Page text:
Tina: I think we’ve always wanted to share the fun we have together, as friends playing music we love. It sounds like a corny thing to say but it’s true. Early on, at the very least we expected to turn ourselves into a great band and meet our own expectations of sounding as good as all of our heroes. I think we still are expecting that from ourselves and each other.

What’s your proudest accomplishment thus far? 

Tracy: Honestly, there hasn’t been a moment: a show, an interview, a meet and greet that I haven’t been proud of this band.  But I have to pick a moment where I am most proud it was probably dealing with the loss of our first drummer (Melissa “Cool Whip” Houston) and being in the studio with Ron and realizing everything happens for a reason.  We were able to really intelligently and professionally work through that loss and make choices that fueled the band forward tenfold.  I am really proud of how we worked through the chaos to make the best decision for our longevity.  I think a lot of bands would have crumbled but we were strong and the universe was on our side. Viva Lightnin’ Ron!

Tina: For me, doing Rockpalast. It felt like JLH had really achieved something on a legendary scale. That show is just iconic.

Mary: I was proudest, in the literal sense, playing across the street from my home at Tompkins Square Park, NYC in front of all my beloved neighbors and friends. But proudest accomplishment for me with JLH would be touring Europe.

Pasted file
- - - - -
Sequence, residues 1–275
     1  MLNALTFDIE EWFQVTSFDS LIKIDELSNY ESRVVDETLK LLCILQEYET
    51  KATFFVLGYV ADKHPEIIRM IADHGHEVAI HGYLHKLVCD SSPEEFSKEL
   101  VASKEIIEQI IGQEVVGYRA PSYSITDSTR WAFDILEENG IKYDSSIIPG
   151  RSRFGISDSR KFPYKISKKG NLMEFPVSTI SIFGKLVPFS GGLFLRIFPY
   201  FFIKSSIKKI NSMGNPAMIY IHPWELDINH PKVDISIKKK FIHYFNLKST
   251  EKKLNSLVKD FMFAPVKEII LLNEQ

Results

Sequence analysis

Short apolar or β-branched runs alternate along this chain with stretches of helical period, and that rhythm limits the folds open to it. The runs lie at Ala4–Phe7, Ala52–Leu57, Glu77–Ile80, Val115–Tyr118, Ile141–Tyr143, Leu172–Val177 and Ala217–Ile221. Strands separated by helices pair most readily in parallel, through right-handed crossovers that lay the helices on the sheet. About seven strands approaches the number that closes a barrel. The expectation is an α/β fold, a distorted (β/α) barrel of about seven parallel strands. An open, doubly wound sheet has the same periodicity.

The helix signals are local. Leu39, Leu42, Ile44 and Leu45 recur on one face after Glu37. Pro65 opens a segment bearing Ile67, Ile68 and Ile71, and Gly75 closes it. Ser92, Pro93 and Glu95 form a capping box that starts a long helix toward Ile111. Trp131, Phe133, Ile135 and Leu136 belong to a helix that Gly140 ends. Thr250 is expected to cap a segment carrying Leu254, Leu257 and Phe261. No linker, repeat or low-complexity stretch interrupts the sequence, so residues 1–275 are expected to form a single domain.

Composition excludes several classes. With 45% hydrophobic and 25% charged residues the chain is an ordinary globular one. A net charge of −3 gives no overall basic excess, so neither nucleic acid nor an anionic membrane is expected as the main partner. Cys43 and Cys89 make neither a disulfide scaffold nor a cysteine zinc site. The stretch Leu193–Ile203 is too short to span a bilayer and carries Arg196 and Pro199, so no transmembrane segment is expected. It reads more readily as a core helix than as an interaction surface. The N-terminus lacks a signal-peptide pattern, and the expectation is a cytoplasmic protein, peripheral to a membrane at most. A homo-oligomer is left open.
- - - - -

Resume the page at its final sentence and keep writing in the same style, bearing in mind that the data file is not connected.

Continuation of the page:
Dana: Well, I’m not sure about proudest as I am very proud of all that we’ve accomplished, and we aim to do so much more. But it was definitely an honor to be invited to play ROCKPALAST on German TV. And now, I am extremely proud of our upcoming record.

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I’ve read your music described as 100% proof Brooklyn rock ’n’ roll, even blues with a rock n roll attitude. That said, what I like about Jane Lee Hooker is how you use a wide range of musical styles. How did the band develop its wide range of sounds?

Tracy: I think we all have one thing in common and that is that we are aggressive New Yorkers.  Most of us grew up in a rock scene that was really NYC based-CBGBs, Continental, Coney Island, Don Hills so we know and embrace angst.  And then separately we all have our love of a bunch of very different styles of music.  Tbone and I love Skynyrd.  Mary and I love X and Seven Seconds.  We all love the Rolling Stones.  We all love music and all styles of music but our power comes from living in NYC.